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Op-Ed: California Should Restore Estate Tax to Fund ‘Free’ College

Op-Ed: California Should Restore Estate Tax to Fund ‘Free’ College

“By failing to restore its estate tax, California lost an estimated $18 billion in potential revenue between 2003 and 2016”

It’s not ‘free’ if you’re taking money from some people and giving it to others. That’s called redistribution.

Chuck Collins writes at the Sacramento Bee:

Here is one way to offer free college in California: Restore the state estate tax

Estuardo Mazariegos graduated this spring from Cal State Dominquez Hills, but with $18,000 in debt after a dozen years struggling to juggle work and paying for college.

Contrast his experience with a previous generation of Californians. Between 1968 and 1975, Dariel Garner attended both undergraduate and graduate school at UC Berkeley for free. He became an entrepreneur and within several decades had amassed a fortune of more than $100 million.

How was that free education possible? One reason: California used to tax the estates of its wealthy residents.

But in 2001, Congress reformed the federal estate tax — paid exclusively by multi-millionaires and billionaires — and cut states out of a “piggy back” arrangement that had existed since the 1920s. Prior to 2001, California’s share of federal estate tax revenue was almost a $1 billion a year.

Other states moved to retain their own estate taxes, including Washington, which dedicated revenue to a trust fund for K-12 and higher education. Oregon, Hawaii, New York, Minnesota, Massachusetts and 13 other states also took action.

But not California.

By failing to restore its estate tax, California lost an estimated $18 billion in potential revenue between 2003 and 2016, according to a new report I helped research for the Institute for Policy Studies. Over this same period, average in-state tuition and fees for California public colleges and universities went up nearly 70 percent, adjusted for inflation.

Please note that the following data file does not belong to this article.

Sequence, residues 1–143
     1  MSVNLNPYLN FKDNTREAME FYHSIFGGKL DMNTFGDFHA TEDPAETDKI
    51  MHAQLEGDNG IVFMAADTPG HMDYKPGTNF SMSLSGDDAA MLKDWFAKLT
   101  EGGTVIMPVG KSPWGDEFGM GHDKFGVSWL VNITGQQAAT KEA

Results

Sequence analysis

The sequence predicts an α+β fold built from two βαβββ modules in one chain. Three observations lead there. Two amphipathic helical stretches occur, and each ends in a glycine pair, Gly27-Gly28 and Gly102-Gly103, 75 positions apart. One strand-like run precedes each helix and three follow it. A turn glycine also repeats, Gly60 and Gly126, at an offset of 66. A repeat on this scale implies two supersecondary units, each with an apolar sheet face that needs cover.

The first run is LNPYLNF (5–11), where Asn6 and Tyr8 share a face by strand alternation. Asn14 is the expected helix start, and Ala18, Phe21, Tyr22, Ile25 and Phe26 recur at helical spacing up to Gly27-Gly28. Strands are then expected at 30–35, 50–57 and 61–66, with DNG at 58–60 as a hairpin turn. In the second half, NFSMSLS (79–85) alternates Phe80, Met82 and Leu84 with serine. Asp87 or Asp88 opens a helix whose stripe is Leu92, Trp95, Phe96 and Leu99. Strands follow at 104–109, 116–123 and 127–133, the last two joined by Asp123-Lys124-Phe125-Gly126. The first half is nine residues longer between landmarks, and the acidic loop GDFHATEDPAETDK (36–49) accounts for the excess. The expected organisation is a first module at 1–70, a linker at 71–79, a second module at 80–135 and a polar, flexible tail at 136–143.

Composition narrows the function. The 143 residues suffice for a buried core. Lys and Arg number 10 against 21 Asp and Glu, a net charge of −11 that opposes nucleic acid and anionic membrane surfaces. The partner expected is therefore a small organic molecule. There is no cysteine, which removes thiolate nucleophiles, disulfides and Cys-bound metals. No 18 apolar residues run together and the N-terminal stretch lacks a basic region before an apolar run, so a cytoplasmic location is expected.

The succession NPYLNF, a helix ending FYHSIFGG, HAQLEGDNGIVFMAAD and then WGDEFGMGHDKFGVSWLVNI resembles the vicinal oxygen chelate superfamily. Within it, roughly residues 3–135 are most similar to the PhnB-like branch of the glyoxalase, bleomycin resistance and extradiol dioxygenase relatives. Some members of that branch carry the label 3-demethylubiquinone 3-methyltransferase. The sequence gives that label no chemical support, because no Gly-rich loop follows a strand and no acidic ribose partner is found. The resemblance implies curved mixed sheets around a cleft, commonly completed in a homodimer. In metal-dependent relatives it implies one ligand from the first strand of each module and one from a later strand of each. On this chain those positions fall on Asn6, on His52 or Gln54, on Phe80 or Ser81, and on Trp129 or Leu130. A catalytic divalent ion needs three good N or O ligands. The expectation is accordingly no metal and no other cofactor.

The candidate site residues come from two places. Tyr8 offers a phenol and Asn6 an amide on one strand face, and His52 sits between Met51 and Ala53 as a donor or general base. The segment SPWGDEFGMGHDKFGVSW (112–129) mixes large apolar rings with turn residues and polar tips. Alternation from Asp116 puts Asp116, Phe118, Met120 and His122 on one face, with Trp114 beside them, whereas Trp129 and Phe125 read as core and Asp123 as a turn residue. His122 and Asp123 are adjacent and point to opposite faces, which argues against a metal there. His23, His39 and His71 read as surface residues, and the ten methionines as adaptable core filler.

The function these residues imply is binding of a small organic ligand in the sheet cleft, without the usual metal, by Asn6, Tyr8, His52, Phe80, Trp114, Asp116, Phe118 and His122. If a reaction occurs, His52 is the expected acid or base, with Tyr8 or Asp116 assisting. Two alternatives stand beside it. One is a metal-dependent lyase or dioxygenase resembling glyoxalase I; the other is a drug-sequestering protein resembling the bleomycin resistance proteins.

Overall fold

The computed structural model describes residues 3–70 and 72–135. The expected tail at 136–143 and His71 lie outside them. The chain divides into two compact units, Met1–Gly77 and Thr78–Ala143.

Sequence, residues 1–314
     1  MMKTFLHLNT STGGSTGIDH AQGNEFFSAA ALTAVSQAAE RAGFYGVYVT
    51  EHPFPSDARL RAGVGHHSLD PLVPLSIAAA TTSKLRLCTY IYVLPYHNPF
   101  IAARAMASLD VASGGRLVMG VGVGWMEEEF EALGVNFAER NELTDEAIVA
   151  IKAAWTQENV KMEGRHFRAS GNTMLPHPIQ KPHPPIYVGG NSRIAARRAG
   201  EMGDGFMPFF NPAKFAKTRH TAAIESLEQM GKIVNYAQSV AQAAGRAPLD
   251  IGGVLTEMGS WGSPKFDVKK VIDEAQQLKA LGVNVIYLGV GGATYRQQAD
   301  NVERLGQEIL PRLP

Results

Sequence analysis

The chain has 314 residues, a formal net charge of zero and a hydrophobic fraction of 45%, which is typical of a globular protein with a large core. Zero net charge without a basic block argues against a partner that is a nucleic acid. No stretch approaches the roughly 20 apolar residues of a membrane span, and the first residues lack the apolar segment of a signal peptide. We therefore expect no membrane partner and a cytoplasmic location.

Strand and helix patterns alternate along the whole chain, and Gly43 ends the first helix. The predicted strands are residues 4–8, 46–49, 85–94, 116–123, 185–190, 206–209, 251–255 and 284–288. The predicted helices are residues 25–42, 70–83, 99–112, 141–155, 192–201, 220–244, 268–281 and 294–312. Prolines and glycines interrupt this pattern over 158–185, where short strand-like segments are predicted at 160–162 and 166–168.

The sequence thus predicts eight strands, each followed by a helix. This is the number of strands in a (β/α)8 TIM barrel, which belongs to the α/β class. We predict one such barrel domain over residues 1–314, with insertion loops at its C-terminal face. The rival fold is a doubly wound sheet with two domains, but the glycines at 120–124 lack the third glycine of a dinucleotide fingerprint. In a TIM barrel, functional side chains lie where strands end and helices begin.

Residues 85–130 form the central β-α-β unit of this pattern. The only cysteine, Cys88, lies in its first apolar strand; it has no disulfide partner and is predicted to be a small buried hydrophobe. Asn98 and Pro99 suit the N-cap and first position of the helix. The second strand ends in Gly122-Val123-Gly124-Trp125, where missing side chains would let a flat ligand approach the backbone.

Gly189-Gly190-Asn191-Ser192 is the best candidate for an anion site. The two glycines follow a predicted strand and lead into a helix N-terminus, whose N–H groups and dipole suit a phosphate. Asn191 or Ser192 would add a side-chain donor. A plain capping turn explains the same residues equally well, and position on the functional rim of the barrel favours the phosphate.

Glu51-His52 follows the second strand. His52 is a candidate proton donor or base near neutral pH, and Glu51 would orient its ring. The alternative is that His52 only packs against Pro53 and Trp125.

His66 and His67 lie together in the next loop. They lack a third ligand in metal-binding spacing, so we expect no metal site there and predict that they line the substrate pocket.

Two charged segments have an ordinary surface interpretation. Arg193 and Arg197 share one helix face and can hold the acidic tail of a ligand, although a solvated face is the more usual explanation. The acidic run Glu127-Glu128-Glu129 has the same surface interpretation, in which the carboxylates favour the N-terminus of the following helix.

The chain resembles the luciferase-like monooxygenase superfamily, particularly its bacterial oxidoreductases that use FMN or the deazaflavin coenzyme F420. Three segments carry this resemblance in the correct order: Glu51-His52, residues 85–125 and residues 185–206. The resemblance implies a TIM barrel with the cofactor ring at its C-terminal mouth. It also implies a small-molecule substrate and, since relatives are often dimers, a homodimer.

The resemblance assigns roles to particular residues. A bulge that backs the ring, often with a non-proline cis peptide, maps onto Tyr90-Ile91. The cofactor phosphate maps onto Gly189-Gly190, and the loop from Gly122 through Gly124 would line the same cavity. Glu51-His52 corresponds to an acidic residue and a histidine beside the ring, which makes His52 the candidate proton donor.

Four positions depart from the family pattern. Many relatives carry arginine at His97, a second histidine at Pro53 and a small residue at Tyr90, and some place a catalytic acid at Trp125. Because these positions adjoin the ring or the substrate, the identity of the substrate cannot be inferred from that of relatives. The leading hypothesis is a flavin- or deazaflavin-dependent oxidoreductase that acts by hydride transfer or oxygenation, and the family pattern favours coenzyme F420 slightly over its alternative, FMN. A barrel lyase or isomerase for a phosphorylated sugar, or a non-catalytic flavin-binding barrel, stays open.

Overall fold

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Comments

Chuck Collins might as well have titled his op-ed piece:

“Thinking of leaving California? Here’s another reason why you should do it ASAP.”

healthguyfsu | June 13, 2018 at 3:34 pm

Even in an upswing economy like right now, everyone should not get a college degree. It’s degree inflation and devalues the product. It makes identifying talent more difficult because the pool is flooded and thus diluted.

I knew this was a bad idea when I was a sophomore in college and had a barely adult-level brain…why can’t the so-called grown ups figure out the simple economics of supply and demand as it relates to higher education?

    why can’t the so-called grown ups figure out the simple economics of supply and demand as it relates to higher education?

    Oh, they can, and did.

    They also figured out that if fewer students enroll for college, there’s less revenue for universities and less demand for university professors. So to keep enrollment up (read: keep the money flowing into universities and keep their cushy tenured jobs), they maintain The Narrative (TM) that says you MUST have a college degree to succeed in life.

    It’s all a big bait-and-switch scam that in any other context could be subject to a class-action lawsuit under false advertisement laws. Like any other scam, it’s all about the money.

    Follow the money and it all becomes clear who benefits (and it’s not the students).

      healthguyfsu in reply to Archer. | June 14, 2018 at 12:53 am

      I’m in academia (in STEM) so my question was meant to expose fraud and stupidity more than actually seek an answer.

      Free college for everyone remains a terrible idea for the reasons I stated (even if it didn’t require confiscation of other peoples’ money) and you are correct about the incentive. What I can’t grasp is how easily the public bought this fraud as gospel truth, considering how easy it was for me to recognize the scam as a young, average, and inexperienced underclassman.

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